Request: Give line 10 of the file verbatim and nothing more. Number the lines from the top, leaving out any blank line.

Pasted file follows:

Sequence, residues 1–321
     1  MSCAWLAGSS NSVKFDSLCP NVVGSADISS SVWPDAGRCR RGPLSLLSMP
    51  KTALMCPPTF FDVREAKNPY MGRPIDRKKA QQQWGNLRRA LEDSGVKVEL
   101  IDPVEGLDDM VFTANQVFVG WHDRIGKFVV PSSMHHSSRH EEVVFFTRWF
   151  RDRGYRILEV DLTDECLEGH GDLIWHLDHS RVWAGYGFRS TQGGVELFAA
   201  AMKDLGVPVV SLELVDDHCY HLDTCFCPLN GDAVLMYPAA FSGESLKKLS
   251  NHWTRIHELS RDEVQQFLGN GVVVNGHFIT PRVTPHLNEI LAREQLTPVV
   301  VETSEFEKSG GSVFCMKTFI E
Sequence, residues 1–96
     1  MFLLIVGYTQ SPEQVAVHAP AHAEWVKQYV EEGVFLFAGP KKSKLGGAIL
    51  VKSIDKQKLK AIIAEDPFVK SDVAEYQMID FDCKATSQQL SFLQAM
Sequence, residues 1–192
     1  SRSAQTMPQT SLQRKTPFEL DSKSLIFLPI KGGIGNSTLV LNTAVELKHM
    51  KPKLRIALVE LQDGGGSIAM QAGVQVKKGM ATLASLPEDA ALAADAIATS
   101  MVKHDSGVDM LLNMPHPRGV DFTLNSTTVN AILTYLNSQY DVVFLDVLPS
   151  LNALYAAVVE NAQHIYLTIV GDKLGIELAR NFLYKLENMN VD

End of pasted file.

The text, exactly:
     1  MFLLIVGYTQ SPEQVAVHAP AHAEWVKQYV EEGVFLFAGP KKSKLGGAIL